You might want to check if it's just a bad power connection first, because a new adapter isn't cheap. They cost about 60 bucks plus shipping from the HP parts department:
Before you shell out that kind of dough, I recommend you first eliminate the obvious like a bad surge suppressor or power strip. Sometimes, one of the outlets in a multi-outlet power strip can go bad and cause just one of the devices plugged in to lose power. It actually happened to me once with a brand spanking new surge suppressor I purchased and I had to go back to the store and get it replaced under the warranty. So, be sure to check by plugging your printer into a different outlet.
If nothing's wrong with your power strip and AC power cord, the next thing to check is the power connector that plugs into the back of your printer. It has three contacts on it, which means there are three points of failure. Unplug it and plug it back in. Wiggle the connector a little, mumble "I hate this stupid printer", and then observe the printer's power light.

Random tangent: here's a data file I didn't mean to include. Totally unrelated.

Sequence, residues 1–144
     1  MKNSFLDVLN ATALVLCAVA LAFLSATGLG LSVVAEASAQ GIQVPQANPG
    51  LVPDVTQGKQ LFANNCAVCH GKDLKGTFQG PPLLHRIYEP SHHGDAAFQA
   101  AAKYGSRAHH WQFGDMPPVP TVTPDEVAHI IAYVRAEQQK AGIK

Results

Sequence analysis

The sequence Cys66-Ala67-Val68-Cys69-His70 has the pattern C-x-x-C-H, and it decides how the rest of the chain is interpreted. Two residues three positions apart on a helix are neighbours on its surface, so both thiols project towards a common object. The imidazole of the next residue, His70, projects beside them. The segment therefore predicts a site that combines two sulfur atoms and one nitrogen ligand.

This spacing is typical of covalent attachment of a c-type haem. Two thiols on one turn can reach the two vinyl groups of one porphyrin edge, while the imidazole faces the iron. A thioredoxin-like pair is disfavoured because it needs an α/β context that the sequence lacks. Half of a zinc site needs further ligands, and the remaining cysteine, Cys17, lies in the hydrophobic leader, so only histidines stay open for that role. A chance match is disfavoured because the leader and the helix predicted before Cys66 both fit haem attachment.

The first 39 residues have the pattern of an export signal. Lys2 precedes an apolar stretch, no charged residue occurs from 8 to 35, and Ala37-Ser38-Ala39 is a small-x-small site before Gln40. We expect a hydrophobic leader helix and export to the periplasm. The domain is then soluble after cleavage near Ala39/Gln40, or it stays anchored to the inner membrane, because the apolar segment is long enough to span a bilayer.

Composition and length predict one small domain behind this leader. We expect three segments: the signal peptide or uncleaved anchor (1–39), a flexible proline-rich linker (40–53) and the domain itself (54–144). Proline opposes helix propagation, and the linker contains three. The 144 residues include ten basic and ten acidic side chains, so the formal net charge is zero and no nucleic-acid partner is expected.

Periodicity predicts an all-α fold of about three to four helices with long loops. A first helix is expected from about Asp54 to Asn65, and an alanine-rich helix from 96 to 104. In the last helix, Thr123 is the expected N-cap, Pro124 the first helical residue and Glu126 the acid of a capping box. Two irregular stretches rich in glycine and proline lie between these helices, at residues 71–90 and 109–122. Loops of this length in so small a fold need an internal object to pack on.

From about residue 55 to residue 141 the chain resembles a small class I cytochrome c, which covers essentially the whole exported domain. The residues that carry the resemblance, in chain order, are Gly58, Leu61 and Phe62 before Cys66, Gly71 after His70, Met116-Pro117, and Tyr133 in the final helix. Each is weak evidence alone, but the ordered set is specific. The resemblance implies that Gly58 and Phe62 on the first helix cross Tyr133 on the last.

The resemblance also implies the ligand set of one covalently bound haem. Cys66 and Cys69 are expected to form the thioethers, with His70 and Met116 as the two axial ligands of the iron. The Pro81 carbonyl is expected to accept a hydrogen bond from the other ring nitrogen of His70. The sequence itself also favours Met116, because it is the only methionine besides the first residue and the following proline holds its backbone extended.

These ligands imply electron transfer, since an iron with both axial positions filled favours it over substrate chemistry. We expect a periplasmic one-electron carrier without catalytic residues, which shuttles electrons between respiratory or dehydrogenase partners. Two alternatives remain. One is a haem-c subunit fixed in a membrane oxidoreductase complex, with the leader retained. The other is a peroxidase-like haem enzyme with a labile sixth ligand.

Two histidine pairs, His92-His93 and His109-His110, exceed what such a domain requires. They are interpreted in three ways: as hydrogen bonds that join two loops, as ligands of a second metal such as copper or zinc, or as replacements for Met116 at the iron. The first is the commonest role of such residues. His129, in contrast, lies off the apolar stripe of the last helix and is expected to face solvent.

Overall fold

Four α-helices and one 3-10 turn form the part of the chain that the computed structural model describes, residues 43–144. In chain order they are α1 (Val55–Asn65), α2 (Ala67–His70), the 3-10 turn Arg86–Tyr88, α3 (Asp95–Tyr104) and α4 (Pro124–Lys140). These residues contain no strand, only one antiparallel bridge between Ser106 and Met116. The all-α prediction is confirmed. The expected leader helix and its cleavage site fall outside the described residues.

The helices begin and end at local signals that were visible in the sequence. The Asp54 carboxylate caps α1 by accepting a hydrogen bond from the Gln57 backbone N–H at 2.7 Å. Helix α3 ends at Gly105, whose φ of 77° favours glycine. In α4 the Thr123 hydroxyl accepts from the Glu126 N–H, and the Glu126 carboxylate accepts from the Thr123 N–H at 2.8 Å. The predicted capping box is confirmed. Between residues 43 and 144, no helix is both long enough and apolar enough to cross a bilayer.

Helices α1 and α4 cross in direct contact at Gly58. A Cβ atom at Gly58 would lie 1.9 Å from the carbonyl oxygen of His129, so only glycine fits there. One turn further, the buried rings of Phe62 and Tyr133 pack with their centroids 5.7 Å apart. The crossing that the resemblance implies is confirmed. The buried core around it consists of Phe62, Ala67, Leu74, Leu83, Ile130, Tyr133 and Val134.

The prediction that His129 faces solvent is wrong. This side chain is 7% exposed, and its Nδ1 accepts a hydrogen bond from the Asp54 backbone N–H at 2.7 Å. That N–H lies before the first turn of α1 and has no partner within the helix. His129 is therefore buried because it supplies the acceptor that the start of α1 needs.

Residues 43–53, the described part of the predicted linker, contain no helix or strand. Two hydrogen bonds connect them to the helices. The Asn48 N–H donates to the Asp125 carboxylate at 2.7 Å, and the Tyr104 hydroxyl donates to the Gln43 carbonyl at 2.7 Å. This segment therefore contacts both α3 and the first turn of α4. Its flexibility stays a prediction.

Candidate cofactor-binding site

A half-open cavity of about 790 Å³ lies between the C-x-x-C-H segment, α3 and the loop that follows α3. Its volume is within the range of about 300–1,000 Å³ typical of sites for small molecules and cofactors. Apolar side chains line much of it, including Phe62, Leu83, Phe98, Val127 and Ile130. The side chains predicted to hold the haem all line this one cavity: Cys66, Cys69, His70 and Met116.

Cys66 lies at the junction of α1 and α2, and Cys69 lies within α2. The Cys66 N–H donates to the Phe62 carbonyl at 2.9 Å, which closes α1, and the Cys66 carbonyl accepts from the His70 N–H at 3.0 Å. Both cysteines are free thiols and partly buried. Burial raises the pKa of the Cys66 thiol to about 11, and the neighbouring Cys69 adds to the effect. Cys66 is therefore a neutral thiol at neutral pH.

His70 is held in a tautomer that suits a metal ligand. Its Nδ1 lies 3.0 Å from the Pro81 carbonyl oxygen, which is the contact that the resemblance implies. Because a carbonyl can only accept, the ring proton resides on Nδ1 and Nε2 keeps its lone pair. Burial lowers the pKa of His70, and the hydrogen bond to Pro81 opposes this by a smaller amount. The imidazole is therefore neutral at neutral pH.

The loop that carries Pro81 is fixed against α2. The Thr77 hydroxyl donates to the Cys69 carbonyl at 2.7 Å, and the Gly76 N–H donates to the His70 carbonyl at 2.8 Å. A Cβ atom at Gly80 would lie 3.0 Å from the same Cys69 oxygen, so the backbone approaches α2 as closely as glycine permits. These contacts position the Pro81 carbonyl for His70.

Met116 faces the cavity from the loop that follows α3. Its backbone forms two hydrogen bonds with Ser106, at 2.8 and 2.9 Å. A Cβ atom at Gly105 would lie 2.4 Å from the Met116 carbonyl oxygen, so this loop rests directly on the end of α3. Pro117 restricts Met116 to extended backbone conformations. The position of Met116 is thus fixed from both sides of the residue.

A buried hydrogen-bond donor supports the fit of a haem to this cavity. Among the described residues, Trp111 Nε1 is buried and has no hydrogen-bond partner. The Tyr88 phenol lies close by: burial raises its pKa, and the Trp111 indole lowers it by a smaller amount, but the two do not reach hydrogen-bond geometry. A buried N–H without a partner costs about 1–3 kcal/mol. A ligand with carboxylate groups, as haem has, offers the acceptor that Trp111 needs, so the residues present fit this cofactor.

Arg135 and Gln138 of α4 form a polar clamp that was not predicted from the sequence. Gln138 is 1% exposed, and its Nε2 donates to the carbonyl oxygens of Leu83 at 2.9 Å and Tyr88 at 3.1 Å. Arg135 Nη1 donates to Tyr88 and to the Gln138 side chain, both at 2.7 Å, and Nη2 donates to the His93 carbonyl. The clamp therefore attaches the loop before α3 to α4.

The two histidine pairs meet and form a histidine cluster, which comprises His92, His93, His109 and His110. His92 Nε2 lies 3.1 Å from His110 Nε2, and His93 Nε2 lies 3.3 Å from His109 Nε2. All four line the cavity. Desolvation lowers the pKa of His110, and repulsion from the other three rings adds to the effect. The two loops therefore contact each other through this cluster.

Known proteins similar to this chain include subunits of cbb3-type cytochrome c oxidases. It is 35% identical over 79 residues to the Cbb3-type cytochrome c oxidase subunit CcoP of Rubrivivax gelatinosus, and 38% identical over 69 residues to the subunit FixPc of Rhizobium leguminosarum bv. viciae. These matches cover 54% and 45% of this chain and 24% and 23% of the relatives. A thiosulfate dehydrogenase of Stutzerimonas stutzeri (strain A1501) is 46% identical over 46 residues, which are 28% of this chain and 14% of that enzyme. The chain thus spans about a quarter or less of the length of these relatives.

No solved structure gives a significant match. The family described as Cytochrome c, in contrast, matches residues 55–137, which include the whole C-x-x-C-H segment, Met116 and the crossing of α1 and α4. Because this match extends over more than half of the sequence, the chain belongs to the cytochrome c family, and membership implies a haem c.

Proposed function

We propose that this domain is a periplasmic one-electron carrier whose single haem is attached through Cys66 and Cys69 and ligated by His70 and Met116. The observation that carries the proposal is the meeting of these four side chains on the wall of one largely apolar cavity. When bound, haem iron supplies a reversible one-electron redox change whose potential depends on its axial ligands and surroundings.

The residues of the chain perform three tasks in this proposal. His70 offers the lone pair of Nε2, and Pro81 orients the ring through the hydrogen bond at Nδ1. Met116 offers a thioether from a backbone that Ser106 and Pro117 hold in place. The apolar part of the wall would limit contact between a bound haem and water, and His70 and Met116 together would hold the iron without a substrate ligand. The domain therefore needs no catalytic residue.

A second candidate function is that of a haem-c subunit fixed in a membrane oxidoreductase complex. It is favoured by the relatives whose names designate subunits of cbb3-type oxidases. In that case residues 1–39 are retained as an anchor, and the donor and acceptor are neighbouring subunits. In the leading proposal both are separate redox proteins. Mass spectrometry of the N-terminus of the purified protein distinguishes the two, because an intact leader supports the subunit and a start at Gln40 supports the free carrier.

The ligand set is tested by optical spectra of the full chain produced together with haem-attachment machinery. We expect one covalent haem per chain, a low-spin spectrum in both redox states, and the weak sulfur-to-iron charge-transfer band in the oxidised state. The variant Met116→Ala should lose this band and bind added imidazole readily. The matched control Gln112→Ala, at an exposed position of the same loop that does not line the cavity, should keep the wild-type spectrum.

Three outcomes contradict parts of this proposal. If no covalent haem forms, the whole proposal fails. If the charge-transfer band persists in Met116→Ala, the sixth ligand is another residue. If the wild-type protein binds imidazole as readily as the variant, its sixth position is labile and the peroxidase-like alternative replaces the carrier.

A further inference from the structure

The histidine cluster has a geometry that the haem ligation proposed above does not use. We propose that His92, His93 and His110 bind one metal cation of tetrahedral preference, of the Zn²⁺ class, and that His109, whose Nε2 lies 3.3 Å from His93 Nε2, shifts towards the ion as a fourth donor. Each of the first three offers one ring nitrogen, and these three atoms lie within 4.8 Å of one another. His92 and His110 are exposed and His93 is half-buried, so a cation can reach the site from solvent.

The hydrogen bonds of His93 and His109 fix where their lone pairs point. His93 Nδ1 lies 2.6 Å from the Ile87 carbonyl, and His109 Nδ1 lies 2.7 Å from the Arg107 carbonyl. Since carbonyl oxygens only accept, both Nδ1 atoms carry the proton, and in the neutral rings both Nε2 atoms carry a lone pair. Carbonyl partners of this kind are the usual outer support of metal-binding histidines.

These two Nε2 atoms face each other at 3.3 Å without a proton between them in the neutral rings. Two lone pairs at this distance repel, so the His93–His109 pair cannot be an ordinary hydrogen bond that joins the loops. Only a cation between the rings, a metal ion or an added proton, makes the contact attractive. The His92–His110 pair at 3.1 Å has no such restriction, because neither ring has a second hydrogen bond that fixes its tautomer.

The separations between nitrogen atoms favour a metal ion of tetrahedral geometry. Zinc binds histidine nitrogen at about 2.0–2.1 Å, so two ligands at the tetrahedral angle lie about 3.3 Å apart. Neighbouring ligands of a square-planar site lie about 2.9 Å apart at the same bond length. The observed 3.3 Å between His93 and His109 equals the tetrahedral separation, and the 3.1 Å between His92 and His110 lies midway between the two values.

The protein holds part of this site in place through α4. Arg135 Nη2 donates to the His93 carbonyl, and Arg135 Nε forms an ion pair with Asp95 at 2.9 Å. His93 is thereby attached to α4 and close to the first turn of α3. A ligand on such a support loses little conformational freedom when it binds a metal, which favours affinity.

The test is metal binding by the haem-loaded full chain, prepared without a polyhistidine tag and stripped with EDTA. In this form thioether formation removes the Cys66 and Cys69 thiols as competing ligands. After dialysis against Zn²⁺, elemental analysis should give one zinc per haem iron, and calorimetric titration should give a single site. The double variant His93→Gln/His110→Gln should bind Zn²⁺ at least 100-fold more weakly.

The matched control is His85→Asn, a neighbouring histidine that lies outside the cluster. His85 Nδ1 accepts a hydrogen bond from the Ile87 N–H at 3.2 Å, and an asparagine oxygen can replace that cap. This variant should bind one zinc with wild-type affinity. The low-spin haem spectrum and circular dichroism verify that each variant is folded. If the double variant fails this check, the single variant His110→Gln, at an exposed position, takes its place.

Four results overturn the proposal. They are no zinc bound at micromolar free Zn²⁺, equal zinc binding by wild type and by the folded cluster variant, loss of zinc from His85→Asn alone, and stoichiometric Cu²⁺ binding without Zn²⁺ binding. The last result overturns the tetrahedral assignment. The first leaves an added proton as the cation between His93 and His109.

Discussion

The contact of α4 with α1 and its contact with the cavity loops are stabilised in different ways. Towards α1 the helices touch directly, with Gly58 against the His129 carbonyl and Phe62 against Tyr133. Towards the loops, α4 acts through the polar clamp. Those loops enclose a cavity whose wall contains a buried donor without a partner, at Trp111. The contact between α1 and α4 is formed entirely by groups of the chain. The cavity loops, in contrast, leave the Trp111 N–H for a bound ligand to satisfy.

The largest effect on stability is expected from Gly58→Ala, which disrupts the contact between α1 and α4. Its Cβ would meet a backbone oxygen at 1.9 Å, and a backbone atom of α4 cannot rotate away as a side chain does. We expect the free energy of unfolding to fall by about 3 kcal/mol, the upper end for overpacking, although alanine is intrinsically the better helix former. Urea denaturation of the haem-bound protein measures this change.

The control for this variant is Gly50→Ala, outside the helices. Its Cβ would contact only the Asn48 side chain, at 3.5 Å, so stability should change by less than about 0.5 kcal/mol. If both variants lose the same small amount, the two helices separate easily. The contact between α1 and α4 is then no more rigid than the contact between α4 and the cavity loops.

Still nothing? Well, if you're feeling a little adventurous and have a basic understanding of how electronic circuits work, you can check the AC adapter to see if it's really dead. You do this by testing the DC outputs of the adapter with a multimeter. Don't have a multimeter? You can either borrow one from a geek friend, or buy your own for about twenty bucks at Radio Shack (get a cheapie model - nothing fancy). IMHO, everyone should own a multimeter. They come in handy for checking batteries and bad connections in low voltage wiring. After you learn to use one, you'll wonder how you ever got along without it.
Anyway, getting back to the printer, the AC adapter has a dual DC voltage output with three pins. The center pin is ground and the two on either side are positive voltages (+36 volts and +16 volts). If the AC adapter is good, your multimeter will indicate at or slightly less than these voltages when tested, around +35v and +15v. A good voltage reading tells you that the AC adapter is probably okay. In that case, the problem is inside the printer itself and buying a new adapter would be a waste of money. At this point, it's pretty safe to conclude that the old mule has finally kicked the bucket.
Hope this helps.